Many times, there are behaviors that people do that are overlooked by most. Some people wring their hands as they think about something that disturbs them. Others may brush their hair from their face when they are nervous. The behavior isn’t really important, but what is important is the motivation behind the behavior.

And Jesus put forth his hand, and touched him, … Matthew 8:3

As I consider the passage recording Jesus healing the leper, I cannot help but ask my self questions in regard to Jesus’ behavior. One question is why did Jesus touch the leper? He didn’t need to touch him in order to heal because the next few verses record Jesus healing the centurion’s servant who was some distance away.

Consider this. When do you think was the last time the leper was touched. I don’t mean being pushed as he fought for food or random interaction among lepers, but when was the last time the leper experienced a tender affectionate hand rest upon the side of his face? When did he last feel a grasp on his should like that of a loving father who rests his hand upon the shoulder of his son? It had probably been an extremely long time. I believe that after years of rejection from society and solitude living, the touch was God’s display of affection to the leper. It seems that as Jesus’s hand gently rested on the leper, a part of the leper revived and his heart filled with the experience of God’s love.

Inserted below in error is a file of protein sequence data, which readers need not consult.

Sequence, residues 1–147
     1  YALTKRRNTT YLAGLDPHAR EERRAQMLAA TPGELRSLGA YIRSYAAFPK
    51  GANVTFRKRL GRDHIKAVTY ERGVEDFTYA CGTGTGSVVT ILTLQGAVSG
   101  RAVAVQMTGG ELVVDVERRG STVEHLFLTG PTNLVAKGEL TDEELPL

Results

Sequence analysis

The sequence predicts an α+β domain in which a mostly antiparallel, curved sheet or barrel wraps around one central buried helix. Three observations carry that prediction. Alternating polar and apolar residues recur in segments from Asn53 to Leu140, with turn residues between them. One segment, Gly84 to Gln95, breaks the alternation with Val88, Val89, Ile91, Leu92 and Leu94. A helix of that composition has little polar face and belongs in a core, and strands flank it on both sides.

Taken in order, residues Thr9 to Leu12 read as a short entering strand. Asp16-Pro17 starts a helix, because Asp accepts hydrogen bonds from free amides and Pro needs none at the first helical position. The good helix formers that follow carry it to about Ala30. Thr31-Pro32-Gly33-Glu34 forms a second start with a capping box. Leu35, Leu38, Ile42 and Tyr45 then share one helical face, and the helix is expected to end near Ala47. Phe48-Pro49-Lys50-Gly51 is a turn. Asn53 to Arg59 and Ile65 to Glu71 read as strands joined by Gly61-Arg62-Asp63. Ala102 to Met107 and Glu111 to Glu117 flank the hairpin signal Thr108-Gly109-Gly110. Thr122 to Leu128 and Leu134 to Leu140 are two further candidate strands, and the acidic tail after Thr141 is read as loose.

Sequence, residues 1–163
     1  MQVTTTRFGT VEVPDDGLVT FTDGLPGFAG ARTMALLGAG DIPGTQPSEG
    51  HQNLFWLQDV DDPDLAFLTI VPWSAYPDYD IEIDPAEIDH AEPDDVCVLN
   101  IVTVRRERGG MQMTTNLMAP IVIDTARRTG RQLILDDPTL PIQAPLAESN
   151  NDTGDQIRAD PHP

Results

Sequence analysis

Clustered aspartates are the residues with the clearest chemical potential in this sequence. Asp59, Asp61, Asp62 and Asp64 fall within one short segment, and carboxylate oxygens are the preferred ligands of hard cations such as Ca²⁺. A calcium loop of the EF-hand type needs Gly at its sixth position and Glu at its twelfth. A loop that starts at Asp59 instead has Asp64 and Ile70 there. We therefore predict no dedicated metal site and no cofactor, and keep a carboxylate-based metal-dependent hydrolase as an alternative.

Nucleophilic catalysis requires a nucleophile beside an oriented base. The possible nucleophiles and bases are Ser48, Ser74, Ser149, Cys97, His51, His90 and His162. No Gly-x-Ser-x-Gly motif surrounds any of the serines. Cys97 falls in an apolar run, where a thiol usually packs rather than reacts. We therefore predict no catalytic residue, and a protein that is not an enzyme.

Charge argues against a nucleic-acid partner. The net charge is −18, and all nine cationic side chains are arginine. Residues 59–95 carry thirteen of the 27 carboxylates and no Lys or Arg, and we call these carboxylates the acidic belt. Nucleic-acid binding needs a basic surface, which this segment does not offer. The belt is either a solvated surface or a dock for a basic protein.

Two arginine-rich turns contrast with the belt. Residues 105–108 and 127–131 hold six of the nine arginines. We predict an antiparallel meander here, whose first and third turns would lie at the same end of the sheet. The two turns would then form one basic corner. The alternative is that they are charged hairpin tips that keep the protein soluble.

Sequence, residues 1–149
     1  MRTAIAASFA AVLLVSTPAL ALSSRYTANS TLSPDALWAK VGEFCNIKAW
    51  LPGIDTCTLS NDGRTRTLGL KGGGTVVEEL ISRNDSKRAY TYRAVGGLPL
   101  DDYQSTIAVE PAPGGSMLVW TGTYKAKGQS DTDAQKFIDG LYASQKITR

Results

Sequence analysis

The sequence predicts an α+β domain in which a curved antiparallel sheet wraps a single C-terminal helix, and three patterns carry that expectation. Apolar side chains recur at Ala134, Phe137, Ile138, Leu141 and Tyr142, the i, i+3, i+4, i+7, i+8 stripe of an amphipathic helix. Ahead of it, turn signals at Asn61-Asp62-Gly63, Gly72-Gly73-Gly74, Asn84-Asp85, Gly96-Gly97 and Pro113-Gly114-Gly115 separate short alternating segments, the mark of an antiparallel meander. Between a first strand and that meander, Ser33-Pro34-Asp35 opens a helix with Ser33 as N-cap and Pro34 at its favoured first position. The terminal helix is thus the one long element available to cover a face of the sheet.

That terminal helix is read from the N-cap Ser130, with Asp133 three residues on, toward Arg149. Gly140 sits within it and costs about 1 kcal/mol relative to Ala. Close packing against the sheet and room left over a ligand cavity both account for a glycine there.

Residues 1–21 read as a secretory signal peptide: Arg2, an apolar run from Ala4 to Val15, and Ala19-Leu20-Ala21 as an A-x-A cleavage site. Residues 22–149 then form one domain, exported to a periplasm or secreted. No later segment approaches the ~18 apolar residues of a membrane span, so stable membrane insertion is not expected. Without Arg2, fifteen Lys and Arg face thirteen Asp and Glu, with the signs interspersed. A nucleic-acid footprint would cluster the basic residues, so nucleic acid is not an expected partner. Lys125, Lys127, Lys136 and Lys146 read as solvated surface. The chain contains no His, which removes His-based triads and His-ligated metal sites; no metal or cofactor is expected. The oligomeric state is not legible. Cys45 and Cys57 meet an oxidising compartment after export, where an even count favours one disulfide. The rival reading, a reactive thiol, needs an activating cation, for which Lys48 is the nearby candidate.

Did you know that God wants you to have that same experience of his love. Regardless of whatever is in your past, God wants to have a relationship with you. He loves you dearly and has done–through Jesus’ work on the cross–everything that is necessary for that relationship to occur. Come before and ask as the leper did and ask. The relationship is greater than you can imagine.

It’s All About Christ (Psalm 25:7)


Many years ago when I had first come to Christ, I was working in a steel mill in eastern Pennsylvania. I was working at the electric furnace and met another Christian, Butch, with whom I fellowshipped daily. One day, he asked how I was doing. I was not joyful as I had been on previous days. I had recently sinned and had lost my joy. My life was overcome with guilt and I was being pulled down by the enemy. The further my heart sank, the more I was convinced that God was mad at me and I no longer had his love. It was at that point that Butch pulled me to the side and reminded me that the Christian life was not about me, but that it was all about Christ.
Remember not the sins of my youth, nor my transgressions: according to thy mercy remember thou me for thy goodness’ sake, O Lord. (Psalms 25:7)As we talked, I began to understand that my life could never be lived to the standard of being acceptable to God and that him accepting me would always be based on his mercy and loving kindness. For me, confession was still needed, but that would never warrant acceptance. Even when I confessed, I knew that being acceptable and pleasing in his sight would be based on his mercy, loving kindness and goodness.